Current status of nanotechnology consumer products and nano-safety issues

Authors

  • Nutthita Chuankrerkkul Metallurgy and Materials Science Research Institute, Chulalongkorn University
  • Supin Sangsuk Metallurgy and Materials Science Research Institute, Chulalongkorn University

Abstract

This paper is divided into 2 parts to present a review on nanotechnology consumer products (‘Nanotech’ products) and a current status on ‘Nano-Safety’ issue. The first part focuses on up-to-date information of ‘Nanotech’ products that were already on the market as reported by Project on Emerging Nanotechnologies of the Woodrow Wilson International Center for Scholars. There are more than 500 products for a variety of applications, among which health and fitness products are the largest category. The products in this group consist of clothing, cosmetics and sunscreens. Silver is the most commonly used material, followed by carbon in the forms of either nanotubes or fullerenes, and silica, respectively. It is reported that the number of the ‘Nanotech’ products significantly increased about 124% within the past 14 months. Companies based in the United States share more than 50% of the products while, approximately, a quarter is shared by companies in East Asia. The restare for Europe and other countries as well as Thailand. In the second part, studies concerning Nano-Safety have been evaluated. A preliminary study has been made exclusively to nanoparticles and nanotubes. There are currently over 100,000 scientific journal articles related to nanoparticles or nanotubes. However, it was found that less than 1% of these articles are focusing on the safety of these nanomaterials. In addition, some articles discuss toxicity of various types of materials such as single- or multi-walled carbon nanotubes, copper nanoparticles or silica nanoparticles.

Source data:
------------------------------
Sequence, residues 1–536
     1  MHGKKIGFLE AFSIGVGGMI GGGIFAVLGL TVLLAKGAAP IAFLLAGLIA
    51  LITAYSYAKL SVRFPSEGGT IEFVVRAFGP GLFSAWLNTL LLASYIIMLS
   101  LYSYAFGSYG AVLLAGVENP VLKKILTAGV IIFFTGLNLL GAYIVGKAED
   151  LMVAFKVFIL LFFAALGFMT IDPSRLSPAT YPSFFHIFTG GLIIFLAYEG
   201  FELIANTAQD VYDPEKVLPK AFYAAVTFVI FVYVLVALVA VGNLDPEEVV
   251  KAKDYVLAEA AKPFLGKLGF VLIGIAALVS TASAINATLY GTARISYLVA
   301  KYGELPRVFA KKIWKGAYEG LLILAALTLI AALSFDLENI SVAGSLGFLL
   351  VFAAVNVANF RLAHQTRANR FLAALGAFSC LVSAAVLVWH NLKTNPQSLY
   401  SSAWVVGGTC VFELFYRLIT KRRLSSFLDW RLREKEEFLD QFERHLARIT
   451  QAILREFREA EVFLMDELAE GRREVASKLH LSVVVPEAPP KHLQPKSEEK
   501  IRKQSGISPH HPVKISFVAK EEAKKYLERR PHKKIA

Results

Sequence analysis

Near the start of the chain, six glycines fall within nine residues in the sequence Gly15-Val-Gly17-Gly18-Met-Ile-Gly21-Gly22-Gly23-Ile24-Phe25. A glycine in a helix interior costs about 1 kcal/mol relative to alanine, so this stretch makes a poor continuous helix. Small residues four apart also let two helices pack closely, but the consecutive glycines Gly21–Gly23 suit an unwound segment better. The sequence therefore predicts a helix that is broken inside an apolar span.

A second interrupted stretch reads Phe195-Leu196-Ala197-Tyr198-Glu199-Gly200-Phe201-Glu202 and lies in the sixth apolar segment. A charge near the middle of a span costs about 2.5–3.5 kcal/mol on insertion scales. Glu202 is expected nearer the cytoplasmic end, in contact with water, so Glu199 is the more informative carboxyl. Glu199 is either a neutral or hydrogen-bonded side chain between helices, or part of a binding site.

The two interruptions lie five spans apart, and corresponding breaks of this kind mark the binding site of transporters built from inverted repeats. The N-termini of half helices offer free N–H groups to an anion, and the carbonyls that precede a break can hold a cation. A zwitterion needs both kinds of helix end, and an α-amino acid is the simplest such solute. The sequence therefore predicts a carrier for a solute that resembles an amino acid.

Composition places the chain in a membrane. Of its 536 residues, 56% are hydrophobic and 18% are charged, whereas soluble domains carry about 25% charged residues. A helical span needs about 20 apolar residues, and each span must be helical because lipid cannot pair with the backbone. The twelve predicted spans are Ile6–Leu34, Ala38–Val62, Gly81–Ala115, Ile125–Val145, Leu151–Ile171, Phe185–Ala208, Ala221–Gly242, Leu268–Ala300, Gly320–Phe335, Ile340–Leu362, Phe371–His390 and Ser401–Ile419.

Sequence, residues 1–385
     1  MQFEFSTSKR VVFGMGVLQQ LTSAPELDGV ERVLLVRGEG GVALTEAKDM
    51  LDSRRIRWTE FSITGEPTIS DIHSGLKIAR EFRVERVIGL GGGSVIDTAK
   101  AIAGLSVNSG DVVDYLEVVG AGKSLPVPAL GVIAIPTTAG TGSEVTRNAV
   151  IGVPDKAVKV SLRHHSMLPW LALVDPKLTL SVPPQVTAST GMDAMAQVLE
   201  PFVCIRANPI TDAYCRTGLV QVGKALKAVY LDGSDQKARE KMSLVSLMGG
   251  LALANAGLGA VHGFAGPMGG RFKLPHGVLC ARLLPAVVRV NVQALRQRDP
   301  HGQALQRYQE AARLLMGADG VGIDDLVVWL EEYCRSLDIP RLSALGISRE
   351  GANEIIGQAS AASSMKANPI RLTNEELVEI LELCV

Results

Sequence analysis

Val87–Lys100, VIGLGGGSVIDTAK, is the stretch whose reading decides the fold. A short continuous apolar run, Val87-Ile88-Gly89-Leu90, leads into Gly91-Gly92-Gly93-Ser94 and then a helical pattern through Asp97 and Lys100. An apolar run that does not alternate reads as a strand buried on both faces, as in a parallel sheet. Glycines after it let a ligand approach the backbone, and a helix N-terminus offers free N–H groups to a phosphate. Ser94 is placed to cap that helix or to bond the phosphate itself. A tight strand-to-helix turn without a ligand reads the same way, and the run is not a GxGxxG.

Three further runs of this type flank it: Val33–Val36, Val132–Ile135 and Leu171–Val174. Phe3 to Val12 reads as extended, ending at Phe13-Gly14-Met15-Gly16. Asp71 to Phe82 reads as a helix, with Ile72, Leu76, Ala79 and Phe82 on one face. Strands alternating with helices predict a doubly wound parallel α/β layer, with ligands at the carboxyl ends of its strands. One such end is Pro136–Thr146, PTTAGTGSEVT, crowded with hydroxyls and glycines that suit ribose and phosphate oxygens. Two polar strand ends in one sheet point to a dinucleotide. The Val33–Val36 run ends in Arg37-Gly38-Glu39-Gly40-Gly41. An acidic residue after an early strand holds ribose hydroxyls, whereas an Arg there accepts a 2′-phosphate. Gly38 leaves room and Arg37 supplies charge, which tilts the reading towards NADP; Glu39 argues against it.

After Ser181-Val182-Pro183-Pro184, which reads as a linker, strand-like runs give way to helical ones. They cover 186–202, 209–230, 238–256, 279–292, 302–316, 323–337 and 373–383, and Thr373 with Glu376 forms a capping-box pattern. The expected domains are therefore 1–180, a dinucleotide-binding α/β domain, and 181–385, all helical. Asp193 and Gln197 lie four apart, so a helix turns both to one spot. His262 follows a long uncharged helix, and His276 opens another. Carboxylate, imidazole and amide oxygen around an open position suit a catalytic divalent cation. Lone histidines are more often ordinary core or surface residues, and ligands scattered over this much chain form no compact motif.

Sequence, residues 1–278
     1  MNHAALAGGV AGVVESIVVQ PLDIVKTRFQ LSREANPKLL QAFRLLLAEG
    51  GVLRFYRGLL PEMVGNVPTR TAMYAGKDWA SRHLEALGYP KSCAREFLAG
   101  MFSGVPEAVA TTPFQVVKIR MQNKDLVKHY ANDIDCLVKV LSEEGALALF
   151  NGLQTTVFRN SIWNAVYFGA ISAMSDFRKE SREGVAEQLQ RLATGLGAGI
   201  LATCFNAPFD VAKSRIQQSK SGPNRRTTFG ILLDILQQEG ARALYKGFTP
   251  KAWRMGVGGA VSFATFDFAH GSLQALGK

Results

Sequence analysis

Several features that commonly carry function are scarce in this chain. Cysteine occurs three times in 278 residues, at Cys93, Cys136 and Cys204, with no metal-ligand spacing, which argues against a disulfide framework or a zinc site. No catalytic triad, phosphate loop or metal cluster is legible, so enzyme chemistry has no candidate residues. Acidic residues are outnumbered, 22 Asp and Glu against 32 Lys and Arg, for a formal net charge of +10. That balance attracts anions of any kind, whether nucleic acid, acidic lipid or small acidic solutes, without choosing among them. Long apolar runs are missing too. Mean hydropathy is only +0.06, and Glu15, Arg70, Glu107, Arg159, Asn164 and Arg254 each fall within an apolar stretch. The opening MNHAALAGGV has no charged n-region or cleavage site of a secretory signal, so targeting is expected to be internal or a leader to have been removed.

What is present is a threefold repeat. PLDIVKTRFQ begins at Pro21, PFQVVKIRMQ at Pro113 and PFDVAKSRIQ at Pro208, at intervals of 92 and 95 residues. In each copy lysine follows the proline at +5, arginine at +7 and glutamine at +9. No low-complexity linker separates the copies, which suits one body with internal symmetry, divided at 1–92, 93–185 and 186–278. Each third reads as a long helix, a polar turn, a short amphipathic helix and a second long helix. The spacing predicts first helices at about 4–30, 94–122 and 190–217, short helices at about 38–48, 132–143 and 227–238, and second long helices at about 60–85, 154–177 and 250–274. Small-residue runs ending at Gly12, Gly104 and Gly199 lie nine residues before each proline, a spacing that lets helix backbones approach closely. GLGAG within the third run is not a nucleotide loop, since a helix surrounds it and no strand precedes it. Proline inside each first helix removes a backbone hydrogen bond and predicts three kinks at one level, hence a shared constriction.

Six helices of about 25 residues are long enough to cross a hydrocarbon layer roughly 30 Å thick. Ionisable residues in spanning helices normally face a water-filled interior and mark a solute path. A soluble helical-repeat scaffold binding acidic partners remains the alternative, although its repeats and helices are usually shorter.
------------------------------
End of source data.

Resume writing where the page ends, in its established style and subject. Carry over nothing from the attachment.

Metrics

Metrics Loading ...

References

Čšášč

Royal Society and Royal Academy of Engineering. 2004. Nanosciences and nanotechnologies: opportunities and uncertainties.

Project on Emerging Nanotechnologies. 2005. http ://www.nanotechproject.org [Accessed on 18 May 2007].

Oberdorster, G., E. Oberdorster, J. Oberdorster. 2005. Nanotoxicology: An emerging discipline evolving from studies of ultrafine partiles. Environ. Health Perspect. 113(7) : 823-839.

Lux Research, The Nanotech ReportTM. 2006. Investment Overview and Market Research for Nanotechnology. 4th ed.

Institute of Occupational Medicine. 2004. Nanoparticles: An occupational hygiene review.

Institute of Occupational Medicine. 2005. A scoping study to identify hazard data needs for addressing the risks presented by nanoparticles and nanotubes.

Chen, Z., Meng, H., Xing, G., Chen, C., Zhao, Y., Jia, G., Wang, T. Yuan, H. Ye, C. and Zhao. F. 2006. Acute toxicological effects of copper nanoparticles in vivo. Toxicol. Lett. 163(2) : 109-120.

Muller, J., Huaux, F., Moreau, N., Misson, P., Heilier, J., Delos, M., Arras, M., Fonseca, A., Nagy, J. and Lison, D. 2005. Respiratory toxicity of multi-wall carbon nanotubes. Toxicol. Appl. Pharm. 207(3) : 221-231.

Lam, C., James, J., McCluskey, R. and Hunter, R. 2004. Pulmonary toxicity of single-wall carbon nanotubes in mice 7 and 90 days after intratracheal instillation. Toxicol. Sci. 77 : 126-134.

Hurt, R., Monthioux, M. and Kane, A. 2006. Toxicology of carbon nanomaterials: status, trends and perspectives on the special issue. Carbon 44 : 1028-1033.

Tanasugarn, L. 2007. NanoSafety Presentation on 7 August 2007, Thailand Research Fund, Bangkok, Thailand.

Downloads

Published

2017-04-23

How to Cite

[1]
N. Chuankrerkkul and S. . Sangsuk, “Current status of nanotechnology consumer products and nano-safety issues”, J Met Mater Miner, vol. 18, no. 1, Apr. 2017.

Issue

Section

Review Articles

Most read articles by the same author(s)